When you need to prove something — either to others or yourself — it’s worth it.

There are times when you need to push boundaries in order to prove that something can be done. Take these, for example:

All examples of doing something big in the face of doubters, and learning, growing, and inspiring others in return.

When you need a reset, it’s worth it.

Sometimes the only way to get back on track is by first going to the extreme. You see people doing this all the time through things like juice cleanses, extended breaks from TV, or an alcohol detox.

They’re giving the body or mind a break in an attempt to push the ol’ reset button.

When finding your new normal, it’s worth it.

Around the same time I was chatting with my grandmother, Matt was traveling home from the Woodstock Fruit Festival. When I saw him a week later, he was still eating almost entirely raw fruits and vegetables, and felt completely reinvigorated about his diet.

I’m not going to lie, for me the Fruitarian diet is a bit out there, and even Matt isn’t convinced it’s good for the long term.

But it was just what he needed at the time. Even though he has moved on from only eating raw fruit today, that experience has shaped the sustainable habits that now make up his normal.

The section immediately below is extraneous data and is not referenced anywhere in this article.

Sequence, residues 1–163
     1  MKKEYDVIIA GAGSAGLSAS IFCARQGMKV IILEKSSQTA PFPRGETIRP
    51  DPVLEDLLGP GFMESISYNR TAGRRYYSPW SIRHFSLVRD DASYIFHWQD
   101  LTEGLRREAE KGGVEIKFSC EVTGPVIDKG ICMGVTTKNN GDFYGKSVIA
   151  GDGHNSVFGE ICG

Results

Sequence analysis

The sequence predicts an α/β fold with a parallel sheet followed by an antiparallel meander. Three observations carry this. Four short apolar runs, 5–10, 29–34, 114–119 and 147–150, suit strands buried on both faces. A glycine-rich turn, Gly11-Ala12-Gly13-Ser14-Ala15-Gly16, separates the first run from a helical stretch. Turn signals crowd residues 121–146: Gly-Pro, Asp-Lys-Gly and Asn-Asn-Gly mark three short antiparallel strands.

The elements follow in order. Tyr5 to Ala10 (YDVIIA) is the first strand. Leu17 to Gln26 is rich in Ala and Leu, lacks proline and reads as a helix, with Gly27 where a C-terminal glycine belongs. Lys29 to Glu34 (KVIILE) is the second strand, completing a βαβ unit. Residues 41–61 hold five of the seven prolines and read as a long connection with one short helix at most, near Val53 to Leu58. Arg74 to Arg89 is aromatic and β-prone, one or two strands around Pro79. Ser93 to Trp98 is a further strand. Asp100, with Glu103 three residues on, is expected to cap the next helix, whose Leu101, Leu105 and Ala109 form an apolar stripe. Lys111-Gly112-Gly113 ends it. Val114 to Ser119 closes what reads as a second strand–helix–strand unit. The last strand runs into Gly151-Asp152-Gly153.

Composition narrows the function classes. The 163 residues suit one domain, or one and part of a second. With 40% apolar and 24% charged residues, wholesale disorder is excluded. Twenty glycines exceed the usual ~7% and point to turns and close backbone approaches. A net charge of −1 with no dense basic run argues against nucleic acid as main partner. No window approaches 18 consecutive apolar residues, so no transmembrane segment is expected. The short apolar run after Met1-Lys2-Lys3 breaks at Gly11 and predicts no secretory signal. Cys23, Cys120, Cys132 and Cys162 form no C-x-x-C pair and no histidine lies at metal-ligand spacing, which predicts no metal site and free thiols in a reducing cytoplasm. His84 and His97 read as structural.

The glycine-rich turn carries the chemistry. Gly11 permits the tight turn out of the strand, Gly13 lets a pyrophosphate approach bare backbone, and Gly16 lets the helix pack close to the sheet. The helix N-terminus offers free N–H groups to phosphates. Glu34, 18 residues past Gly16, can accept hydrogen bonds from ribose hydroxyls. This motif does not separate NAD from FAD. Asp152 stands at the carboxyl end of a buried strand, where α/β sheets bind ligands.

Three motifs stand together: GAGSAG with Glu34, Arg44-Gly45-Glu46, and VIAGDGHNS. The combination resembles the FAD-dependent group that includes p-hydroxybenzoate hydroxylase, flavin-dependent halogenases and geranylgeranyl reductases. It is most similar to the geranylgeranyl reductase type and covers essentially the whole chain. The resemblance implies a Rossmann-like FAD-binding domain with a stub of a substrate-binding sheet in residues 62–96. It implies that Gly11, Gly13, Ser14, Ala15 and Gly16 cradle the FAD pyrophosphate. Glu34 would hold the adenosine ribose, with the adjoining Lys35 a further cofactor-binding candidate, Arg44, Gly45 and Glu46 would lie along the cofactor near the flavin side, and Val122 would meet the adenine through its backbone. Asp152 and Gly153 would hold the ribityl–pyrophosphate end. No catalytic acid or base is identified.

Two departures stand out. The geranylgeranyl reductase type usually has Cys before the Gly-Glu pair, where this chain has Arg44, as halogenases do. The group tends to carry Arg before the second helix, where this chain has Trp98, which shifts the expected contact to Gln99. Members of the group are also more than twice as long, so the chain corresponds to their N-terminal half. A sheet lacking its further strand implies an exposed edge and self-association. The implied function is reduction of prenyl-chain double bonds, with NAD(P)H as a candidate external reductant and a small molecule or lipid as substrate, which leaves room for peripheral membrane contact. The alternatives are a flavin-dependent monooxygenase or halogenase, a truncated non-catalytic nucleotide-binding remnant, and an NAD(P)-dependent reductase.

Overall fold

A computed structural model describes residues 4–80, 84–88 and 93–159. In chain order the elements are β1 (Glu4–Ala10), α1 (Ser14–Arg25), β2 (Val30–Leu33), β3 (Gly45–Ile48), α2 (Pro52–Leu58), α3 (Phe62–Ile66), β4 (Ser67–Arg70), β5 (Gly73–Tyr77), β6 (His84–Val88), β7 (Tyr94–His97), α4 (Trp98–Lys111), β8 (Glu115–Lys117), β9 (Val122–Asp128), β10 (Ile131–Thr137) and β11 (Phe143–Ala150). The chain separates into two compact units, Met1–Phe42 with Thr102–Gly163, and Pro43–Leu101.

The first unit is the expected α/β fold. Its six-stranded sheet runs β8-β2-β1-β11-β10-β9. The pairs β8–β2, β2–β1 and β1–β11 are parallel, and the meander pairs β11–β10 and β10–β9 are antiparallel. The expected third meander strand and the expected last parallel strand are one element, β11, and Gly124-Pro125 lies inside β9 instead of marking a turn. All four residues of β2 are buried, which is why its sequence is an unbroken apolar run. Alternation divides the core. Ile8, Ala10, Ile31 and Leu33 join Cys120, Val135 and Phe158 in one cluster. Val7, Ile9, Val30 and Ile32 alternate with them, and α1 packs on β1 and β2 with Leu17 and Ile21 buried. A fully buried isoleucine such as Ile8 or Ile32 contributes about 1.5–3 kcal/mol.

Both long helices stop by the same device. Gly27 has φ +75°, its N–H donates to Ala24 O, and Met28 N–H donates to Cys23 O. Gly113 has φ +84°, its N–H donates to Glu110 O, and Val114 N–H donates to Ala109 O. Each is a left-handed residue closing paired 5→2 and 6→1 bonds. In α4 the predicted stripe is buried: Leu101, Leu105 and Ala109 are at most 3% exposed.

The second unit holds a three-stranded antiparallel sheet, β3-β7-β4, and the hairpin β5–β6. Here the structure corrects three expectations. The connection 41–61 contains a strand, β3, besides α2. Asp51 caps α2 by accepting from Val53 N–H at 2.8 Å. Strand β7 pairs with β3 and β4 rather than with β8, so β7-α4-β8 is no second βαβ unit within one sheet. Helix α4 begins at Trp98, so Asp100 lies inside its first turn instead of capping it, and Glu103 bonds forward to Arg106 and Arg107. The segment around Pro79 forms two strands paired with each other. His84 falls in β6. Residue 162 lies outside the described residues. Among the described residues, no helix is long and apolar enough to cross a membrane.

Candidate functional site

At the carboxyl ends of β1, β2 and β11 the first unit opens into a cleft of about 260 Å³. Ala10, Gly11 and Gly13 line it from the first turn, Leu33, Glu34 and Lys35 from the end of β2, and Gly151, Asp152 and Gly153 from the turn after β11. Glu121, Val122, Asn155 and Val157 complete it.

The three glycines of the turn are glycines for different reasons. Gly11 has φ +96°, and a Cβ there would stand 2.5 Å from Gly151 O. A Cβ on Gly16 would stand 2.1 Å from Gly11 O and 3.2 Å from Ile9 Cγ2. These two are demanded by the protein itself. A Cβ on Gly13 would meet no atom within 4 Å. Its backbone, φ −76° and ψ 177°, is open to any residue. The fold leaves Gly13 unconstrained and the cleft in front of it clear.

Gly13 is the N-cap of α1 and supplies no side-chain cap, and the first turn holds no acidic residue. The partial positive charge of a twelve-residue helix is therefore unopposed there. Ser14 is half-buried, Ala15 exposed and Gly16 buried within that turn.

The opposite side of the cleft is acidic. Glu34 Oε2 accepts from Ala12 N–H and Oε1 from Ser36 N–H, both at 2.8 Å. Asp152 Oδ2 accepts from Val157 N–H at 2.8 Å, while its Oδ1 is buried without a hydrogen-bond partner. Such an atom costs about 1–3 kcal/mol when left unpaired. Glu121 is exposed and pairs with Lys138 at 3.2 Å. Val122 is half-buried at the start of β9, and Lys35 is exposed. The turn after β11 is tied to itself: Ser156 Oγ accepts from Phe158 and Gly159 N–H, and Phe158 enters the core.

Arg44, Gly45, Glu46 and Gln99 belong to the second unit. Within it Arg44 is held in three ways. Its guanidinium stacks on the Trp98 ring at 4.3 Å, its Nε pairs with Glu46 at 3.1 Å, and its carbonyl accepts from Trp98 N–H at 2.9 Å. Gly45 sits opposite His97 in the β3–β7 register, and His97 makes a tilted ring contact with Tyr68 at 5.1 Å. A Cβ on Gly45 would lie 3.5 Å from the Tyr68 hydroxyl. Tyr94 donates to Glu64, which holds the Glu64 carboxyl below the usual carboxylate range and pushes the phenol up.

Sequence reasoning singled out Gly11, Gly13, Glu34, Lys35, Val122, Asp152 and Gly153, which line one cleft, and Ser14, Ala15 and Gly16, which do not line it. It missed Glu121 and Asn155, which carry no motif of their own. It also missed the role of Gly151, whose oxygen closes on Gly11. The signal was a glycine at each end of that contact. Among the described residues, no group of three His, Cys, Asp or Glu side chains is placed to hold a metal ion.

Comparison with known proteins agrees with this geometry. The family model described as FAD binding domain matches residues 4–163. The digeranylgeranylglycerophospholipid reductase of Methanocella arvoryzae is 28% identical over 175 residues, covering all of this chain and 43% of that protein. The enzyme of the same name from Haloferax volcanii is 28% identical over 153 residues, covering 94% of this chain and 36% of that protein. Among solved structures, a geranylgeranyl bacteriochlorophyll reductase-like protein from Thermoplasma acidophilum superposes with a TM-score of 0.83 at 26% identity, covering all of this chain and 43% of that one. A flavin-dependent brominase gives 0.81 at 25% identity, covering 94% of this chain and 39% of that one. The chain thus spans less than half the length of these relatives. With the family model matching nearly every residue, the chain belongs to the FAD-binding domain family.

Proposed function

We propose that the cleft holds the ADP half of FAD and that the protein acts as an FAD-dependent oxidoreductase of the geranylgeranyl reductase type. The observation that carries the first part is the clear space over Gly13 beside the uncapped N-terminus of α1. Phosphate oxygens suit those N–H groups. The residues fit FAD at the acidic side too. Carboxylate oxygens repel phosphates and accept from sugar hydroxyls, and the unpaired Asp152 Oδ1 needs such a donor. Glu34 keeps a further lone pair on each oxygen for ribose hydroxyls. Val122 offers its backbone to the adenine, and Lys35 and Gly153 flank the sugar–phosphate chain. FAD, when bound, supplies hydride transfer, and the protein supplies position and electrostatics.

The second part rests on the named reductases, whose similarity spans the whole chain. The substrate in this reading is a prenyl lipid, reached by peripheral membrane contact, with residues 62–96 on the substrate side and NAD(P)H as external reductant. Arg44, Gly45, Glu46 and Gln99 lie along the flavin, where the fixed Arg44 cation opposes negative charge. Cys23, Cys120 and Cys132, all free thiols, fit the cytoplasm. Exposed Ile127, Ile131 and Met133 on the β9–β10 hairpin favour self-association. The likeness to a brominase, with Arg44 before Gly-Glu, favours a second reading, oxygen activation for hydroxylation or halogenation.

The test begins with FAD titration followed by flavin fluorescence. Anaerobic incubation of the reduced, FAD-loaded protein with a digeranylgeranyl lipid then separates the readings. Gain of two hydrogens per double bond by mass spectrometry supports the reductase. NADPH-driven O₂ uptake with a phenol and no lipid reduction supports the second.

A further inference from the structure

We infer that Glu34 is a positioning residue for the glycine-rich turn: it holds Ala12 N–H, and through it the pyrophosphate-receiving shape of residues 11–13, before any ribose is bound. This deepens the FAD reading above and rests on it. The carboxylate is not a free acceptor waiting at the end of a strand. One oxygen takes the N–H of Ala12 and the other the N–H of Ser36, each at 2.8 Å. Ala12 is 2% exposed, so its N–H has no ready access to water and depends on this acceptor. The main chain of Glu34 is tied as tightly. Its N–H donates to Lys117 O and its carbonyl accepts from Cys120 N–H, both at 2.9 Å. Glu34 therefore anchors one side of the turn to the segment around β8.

Sometimes it requires exploring new boundaries in order to know what works best for you.

And when there’s no other option, it’s worth it.

In some situations, breaking the norm and taking things to the perceived extreme will feel like your only option. For many vegans, you know exactly what I’m talking about.

We’ve seen history made, and can credit many advances in our society to someone putting their foot down and declaring that enough is enough. That the alternative — the norm — would no longer work for them.

Is it Time for You to Take Something to the Extreme?

You could sit around your whole life waiting for a guarantee. You could hold yourself back and never follow your dreams, just because of how it might look to others, or fear of what could happen.

But I say it’s time to go out on a limb, take a risk, and do something so wild, it makes a statement and shatters the social norm.

Quit prancing around whatever goal you have and do something big. You could:

  • Get serious about running and commit to a marathon, triathlon, or ultramarathon
  • Ignore the critics and proudly make your art
  • Finally take those steps to go vegan
  • Quit the job you hate and follow your passion
  • Sell off everything but 100 necessary items
  • Move to the city of your dreams, even if it’s halfway around the world
  • Write that book you’ve had in your head for years

… or scratch whatever epic itch you just can’t seem to ignore. And remember, just because you try it out, nobody’s saying you have to do it forever.

What My Grandmother Will Never Understand

That conversation with my grandmother has stuck with me because I know that in some ways she is right. The distance may take its toll, and one day I may regret pushing my body so hard.